These elements add to the tectonic shifts:

  1. Baby boomers cohort had fewer children per family. Hence, fewer replacement workers when the traditionals (born prior to 1945) came to retirement age.  Now as boomers reach retirement, at 10,000 per day, and the knowledge worker labor pool gap widens as does the skills gap accordingly.
  2. Our formal education system did not keep pace with technology cycle compression in turning out math and science skilled potentials for rapid growth in skills requirements.  For two decades politicians and legislators created layers of bureaucratic administration, head start programs, the Department of Education and more.  Billions of tax payer dollars were committed. The results, higher dropout rates, more test cheating for higher teacher performance bonuses, lower job entry skills and college grads unprepared to work in the knowledge economy.
  3. The Viet Nam War, the Iraqi Wars and still hanging on in Afghanistan, has consumed both talent and technology away from the private sector.  This is not intended as a political statement, just the facts about loss of treasure and lives. Institutions of higher learning have done little to prepare returning vets for job roles in the new economy, but did continue to raise tuition costs and hype their athletic programs for TV dollars.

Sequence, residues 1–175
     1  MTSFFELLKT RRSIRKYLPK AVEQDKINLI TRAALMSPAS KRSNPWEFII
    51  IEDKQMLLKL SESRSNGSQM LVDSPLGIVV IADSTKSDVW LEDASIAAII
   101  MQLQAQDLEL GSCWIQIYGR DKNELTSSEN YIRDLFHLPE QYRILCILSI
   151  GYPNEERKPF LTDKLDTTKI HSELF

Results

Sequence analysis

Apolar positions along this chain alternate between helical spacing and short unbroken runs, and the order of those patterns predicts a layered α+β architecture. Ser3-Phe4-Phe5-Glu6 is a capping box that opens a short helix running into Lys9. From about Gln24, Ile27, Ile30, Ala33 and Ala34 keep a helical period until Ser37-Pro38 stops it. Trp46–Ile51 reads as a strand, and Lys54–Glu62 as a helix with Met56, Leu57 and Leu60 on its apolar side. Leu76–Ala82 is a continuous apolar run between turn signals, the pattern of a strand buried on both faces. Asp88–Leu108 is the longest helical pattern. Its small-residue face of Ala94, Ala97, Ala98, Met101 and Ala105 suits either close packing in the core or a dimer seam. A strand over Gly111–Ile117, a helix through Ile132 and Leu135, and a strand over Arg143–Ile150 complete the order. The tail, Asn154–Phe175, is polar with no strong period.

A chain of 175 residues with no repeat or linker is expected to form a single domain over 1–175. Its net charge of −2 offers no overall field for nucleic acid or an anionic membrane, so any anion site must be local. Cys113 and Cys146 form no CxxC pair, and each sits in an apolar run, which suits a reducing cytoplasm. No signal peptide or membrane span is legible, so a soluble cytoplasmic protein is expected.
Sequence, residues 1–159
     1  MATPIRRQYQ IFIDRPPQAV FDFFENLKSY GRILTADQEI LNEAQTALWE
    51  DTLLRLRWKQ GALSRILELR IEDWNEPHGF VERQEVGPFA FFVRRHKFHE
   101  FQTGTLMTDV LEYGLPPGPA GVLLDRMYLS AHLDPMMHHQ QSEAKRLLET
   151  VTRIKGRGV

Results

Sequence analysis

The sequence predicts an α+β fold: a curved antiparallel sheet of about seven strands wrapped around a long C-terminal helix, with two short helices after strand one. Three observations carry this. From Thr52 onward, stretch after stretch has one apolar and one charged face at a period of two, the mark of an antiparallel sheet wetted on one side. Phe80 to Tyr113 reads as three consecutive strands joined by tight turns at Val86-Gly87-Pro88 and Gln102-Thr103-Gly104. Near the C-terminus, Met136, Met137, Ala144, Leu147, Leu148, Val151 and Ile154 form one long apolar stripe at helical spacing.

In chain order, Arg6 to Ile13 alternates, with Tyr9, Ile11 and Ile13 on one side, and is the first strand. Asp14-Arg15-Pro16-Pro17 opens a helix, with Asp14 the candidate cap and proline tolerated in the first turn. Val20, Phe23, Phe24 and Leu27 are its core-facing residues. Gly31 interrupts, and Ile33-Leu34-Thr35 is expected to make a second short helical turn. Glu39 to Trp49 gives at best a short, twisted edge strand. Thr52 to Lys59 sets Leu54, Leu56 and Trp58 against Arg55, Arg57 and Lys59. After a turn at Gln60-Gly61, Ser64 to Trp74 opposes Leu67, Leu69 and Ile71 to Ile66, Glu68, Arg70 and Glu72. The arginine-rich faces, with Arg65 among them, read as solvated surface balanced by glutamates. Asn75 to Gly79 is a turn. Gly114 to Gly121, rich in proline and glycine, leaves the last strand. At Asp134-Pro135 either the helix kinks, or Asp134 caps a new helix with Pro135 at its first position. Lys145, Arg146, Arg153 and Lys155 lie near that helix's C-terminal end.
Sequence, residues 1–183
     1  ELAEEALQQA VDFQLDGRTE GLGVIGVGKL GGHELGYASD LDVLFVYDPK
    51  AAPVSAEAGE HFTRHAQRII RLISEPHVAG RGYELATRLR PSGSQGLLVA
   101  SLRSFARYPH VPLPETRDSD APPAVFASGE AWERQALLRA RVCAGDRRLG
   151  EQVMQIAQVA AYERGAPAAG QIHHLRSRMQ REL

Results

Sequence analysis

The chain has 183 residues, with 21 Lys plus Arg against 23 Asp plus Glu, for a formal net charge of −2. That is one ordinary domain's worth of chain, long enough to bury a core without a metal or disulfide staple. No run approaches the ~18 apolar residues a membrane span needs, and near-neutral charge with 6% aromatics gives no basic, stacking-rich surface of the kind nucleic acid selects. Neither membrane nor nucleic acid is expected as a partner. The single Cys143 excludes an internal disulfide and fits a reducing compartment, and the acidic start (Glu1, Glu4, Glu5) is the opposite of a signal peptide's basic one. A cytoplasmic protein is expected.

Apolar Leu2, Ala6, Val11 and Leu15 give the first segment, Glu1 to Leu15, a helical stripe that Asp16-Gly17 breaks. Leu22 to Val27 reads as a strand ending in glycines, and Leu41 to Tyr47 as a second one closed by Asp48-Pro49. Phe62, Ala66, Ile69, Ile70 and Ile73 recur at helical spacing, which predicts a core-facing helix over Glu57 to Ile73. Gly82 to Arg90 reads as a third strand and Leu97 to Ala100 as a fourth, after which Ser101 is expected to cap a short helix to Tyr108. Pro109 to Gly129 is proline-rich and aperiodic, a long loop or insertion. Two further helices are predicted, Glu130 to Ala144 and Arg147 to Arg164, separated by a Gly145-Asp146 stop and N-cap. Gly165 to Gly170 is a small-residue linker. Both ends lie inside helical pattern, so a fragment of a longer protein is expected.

After a lengthy list of new learning models, assessment tools, an explosion of software performance support tools with cache phases, marketing spin and buzz; we are focused on trying to fix the gaps in worker knowledge with knowledge transfer and hence improved performance.  We create learning content for multiple platforms more rapidly building libraries of content with a short shelf life.  The pace quickens as does convergence of performance support and digital virtualization software.  Soon the amount of digital information will by itself be crushing.  At some point we need to ask ourselves, are we simply stuffing our employees with data that has a one-off purpose and no accumulative value?  Are we providing tools with check lists or is our “asset” worth a more holistic process?  Isn’t learning a process with expected outcomes and values that contribute to the good of the whole organization?

In the second paragraph of last week’s article, we illustrated there is a life process of learning beyond the formal education model.  We don’t grow only from the neck up.  Learning is a process that should be never ending – just ask Tiger Woods.  Similarly, if you want to transform your employees and the organization it supports, you will have to do that by winning not only their minds but their hearts as well.

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Readers Comments

Rebecca Cruser 2012/03/12 at 9:48 am

Wow I didn’t know that about the Department of Labor! That’s ridiculous! Are all long-term unemployed hidden from the official stats?

Also, I’m not sure I agree with you on your point about less people = more need for better education. Might we not see it as less available jobs, less potential future workforce? The last thing we need is the number of people from the 1950s (3 child families, etc) with way less jobs available like we have today!

Mike Hammer 2012/03/26 at 11:00 am

Thanks for your comment and feedback Rebecca. Feel free to fact check or express your educated views.

Thanks, Mike Hammer